For truly effective business writing, your message should be formed with clear and simple words that can be understood immediately by as broad an audience as possible. So for those of you currently working on a sales letter or some other marketing piece, I’ve listed a few basic rules you can follow to improve any business-to-business or business-to-consumer communication.
Keep it brief: Try not to use more words (and sentences) than are necessary to convey your message.
Use familiar words: Avoid using cryptic jargon with which your audience may not be familiar. Sure, when you know that everyone who will read your message will understand the term(s), jargon can help you come across as someone who understands the readers’ industry. But it’s still a good idea to explain the term as, many times, messages are forwarded to others who may have input on buying decisions, but who may not be as familiar with your terminology as the original addressee.
Be definitive. The use of definitive words (e.g., bank, chair, telephone, etc.) can help form a clear, sharp image in any reader’s mind. Meanwhile, abstract words such as “performance” and “inconsistency” can leave readers needing more information (in a bad way).
Avoid long sentences: Longer sentences create room for misunderstanding. Especially when rushed, readers can easily lose a long sentence’s intended point by the time he or she comes to its end.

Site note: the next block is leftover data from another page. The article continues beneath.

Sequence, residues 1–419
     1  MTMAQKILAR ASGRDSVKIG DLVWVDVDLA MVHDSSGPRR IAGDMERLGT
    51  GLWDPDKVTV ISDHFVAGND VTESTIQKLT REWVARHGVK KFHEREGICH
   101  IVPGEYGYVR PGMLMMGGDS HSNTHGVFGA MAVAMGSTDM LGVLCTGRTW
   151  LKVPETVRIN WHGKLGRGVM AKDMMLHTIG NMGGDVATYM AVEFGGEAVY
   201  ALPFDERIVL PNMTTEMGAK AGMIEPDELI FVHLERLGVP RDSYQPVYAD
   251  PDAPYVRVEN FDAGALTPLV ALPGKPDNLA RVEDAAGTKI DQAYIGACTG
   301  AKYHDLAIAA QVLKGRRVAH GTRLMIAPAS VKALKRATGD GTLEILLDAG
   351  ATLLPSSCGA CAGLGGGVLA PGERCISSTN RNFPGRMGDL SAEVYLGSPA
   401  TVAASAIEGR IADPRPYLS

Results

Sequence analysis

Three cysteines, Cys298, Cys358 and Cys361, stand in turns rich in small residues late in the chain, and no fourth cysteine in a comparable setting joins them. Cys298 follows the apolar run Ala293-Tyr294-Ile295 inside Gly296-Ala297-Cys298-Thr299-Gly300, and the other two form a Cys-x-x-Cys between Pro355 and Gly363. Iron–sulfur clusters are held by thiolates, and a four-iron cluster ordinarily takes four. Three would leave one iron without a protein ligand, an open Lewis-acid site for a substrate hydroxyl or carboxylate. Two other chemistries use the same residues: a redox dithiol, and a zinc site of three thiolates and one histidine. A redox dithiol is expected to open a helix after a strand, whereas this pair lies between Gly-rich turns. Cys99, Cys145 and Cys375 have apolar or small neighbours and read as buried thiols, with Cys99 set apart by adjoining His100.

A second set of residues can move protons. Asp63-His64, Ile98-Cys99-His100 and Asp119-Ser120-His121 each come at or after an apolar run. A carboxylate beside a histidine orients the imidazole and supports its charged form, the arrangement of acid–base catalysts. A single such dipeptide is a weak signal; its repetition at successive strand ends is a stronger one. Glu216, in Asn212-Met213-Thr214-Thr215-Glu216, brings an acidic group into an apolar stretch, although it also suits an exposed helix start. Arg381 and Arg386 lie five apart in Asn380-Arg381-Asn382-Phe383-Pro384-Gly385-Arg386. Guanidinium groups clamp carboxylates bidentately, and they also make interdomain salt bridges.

Use strong (“power”) words: Strong words not only drive sentences forward but also grab the reader’s attention and help to create interest.
Use active verbs: Active verbs make your business writing more direct and informative, as well as easier to understand.
Avoid idioms or “figures of speech.” While idioms such as “back seat driver,” “feeding frenzy” and “right off the bat” are in common use, they typically are not specific to the situation and can make your marketing message come across as cliché and untrustworthy. (Extreme case in point: A marketing firm I once worked with created a football theme for a campaign based on the idiom “the whole nine yards.” What’s wrong with this picture?)
The above list includes a few good practices to help ensure the message you need to convey is clear and captivating. However, if you feel you could use some assistance in writing a brochure, web site or any other marketing piece, give us a call. Working together, we can put power behind your communications and maximize your lead potential.